“Silent Approach Requested…”

Do You Comply With the Request For a Silent Approach?


  • Total voters
    53

Mountain Res-Q

Forum Deputy Chief
1,757
0
0
Don’t know if this is an issue in your area, but it seems that a good portion of EMS Dispatches in my area are ended with the words, “Silent Approach Requested.” So, two questions for ya…

1. Do you comply with that request from the RP?
2. Why do you think they request no siren?
 

Seaglass

Lesser Ambulance Ape
973
0
0
It's not a common request here. Whether we'd comply depends on the call, location, and time of day. We usually approach lights-only once we're in a quieter neighborhood anyways, especially at night.

As for why it would be requested... privacy can be one. In some areas, a lot of bystanders will congregate to watch what's going on. I remember another crew on my shift getting that request for a family where a teenager was having a miscarriage. I can see why they'd want to avoid having nosy neighbors ask about that one, although I can't really see why they wouldn't just make something else up. As I recall, the crew did approach without l/s. Sometimes sirens will also scare small kids, so I could see parents wanting to avoid that.

Edit: I forgot about being requested to stage off-scene by law enforcement. In that case, you can bet we're going to turn off the l/s as we get close, even though we'll be staging somewhere safe.
 
Last edited by a moderator:

mycrofft

Still crazy but elsewhere
11,322
45
48
Used to.

"Code two" is a myth. Ask your insurer.


........BOO!
 

PapaBear434

Forum Asst. Chief
619
0
0
Depends on the call. If they request a silent approach, but they are having difficulty breathing... Well, I'm gonna go l/s anyway. I'll just kill it when we get into the neighborhood.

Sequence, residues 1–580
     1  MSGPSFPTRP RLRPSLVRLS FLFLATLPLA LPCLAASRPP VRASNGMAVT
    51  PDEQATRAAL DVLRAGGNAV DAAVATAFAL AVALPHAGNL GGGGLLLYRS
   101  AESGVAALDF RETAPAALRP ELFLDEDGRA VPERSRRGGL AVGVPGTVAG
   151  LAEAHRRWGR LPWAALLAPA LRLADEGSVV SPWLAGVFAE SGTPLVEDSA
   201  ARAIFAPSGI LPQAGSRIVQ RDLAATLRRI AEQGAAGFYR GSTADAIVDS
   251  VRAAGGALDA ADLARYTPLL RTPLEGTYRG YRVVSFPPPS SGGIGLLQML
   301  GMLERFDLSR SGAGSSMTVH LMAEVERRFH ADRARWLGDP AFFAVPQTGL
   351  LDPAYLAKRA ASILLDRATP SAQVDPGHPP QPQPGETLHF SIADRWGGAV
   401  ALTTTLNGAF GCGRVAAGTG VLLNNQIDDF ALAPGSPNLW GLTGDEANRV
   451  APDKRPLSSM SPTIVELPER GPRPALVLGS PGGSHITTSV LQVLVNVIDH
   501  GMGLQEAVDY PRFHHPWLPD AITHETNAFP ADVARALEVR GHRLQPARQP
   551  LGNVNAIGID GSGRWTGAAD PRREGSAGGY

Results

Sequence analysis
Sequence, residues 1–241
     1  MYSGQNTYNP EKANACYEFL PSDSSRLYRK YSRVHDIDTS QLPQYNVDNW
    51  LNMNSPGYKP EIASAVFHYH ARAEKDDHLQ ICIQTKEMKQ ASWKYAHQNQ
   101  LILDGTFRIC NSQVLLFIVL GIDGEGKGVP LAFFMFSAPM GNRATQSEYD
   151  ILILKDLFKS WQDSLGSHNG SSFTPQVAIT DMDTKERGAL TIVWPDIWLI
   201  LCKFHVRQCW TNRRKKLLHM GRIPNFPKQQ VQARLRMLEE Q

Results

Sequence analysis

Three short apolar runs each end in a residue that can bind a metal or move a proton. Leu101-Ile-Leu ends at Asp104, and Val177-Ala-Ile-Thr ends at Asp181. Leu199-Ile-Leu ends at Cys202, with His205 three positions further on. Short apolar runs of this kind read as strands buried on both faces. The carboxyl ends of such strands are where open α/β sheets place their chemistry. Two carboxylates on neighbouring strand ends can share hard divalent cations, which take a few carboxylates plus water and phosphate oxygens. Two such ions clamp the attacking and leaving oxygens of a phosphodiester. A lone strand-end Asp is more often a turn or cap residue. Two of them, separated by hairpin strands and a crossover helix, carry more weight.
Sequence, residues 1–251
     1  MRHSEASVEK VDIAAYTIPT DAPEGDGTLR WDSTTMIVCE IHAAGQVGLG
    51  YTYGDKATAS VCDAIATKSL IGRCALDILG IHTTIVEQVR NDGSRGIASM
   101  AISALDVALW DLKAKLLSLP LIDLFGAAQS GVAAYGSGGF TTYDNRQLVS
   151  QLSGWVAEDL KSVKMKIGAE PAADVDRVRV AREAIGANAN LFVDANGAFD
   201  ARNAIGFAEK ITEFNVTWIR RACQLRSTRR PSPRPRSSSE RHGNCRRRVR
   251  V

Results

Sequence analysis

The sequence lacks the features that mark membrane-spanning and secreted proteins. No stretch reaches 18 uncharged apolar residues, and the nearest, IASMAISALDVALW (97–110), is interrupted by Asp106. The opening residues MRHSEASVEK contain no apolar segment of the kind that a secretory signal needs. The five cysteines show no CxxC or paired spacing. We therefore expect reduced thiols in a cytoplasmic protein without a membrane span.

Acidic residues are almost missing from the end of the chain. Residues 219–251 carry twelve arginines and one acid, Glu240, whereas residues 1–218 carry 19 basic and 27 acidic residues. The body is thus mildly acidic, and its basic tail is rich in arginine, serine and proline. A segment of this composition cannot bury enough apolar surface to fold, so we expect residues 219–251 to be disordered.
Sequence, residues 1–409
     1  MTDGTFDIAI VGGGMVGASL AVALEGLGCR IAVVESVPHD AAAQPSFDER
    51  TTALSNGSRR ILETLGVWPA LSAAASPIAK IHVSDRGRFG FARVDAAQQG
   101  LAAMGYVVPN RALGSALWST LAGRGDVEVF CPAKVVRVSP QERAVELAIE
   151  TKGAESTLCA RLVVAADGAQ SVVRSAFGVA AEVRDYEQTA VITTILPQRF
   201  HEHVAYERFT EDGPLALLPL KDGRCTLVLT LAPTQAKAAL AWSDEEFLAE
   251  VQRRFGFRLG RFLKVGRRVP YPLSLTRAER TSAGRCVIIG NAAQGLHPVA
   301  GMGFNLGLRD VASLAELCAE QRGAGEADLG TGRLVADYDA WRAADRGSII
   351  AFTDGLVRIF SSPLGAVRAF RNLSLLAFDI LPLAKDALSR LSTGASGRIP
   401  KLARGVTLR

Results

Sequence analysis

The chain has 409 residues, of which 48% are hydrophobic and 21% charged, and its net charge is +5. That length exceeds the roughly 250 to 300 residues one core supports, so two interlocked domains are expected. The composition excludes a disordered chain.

But if it's Priority 2, depending on what the comments say, I may or may not just get there when I get there. I'll usually turn on the Opticom, to not waste too much time, but I don't go l/s because someone twisted an ankle playing touch football.
 

medicdan

Forum Deputy Chief
Premium Member
2,491
14
38
Mirroring others, it depends on what the story is. Is this silent so we dont attract the nosy neighbors? Because we are on an emergency standby (waiting for PD to go in)? Patient doesnt want to wake sleeping husband? What is the dispatch complaint? How far am I from the scene? What level of care am I?
 

MSDeltaFlt

RRT/NRP
1,422
35
48
There weren't enough options. It depends on how you're dispatched (Priority 1, 2, 3, etc), location of the call, type of call, it just depends.
 

fma08

Forum Asst. Chief
833
2
18
"Code two" is a myth. Ask your insurer.


........BOO!

I agree, there are only two modes of response in reality. Emergent (lights and sirens) or non-emergent (no lights and sirens)
 

daedalus

Forum Deputy Chief
1,784
1
0
If someone calls 911 and asks for the siren not to be used, then its not really an emergency in the first place and 911 should not have been called.

I do not honor these requests.

**Thats not to say that I do not believe that paramedics should only handle emergencies. However, the 911 system is currently set up for emergencies only. If the call warrants a code 3 response by our dispatch center, and the reporting party requests a no-code response, it is ignored**
 
Last edited by a moderator:

Akulahawk

EMT-P/ED RN
Community Leader
4,675
1,076
113
It really depends upon the requesting party. If the requesting party is Law Enforcement, I'll honor that request. The reason is that if they're asking for a silent approach, it is because they have a specific tactical need... for them to not be located easily, or to unnecessarily alarm a suspect. When they request it, I'll shut the siren down about a mile out, and then the lights off (and possibly go blackout) between 1/4 and 1/2 mile out, depending upon the specific situation, and stage at the location requested.

With private parties requesting a silent approach, I normally won't abide by that request.
 

firecoins

IFT Puppet
3,880
17
38
I don't abide by that request unless I know more info like the situation is non-emergent.
 

Ridryder911

EMS Guru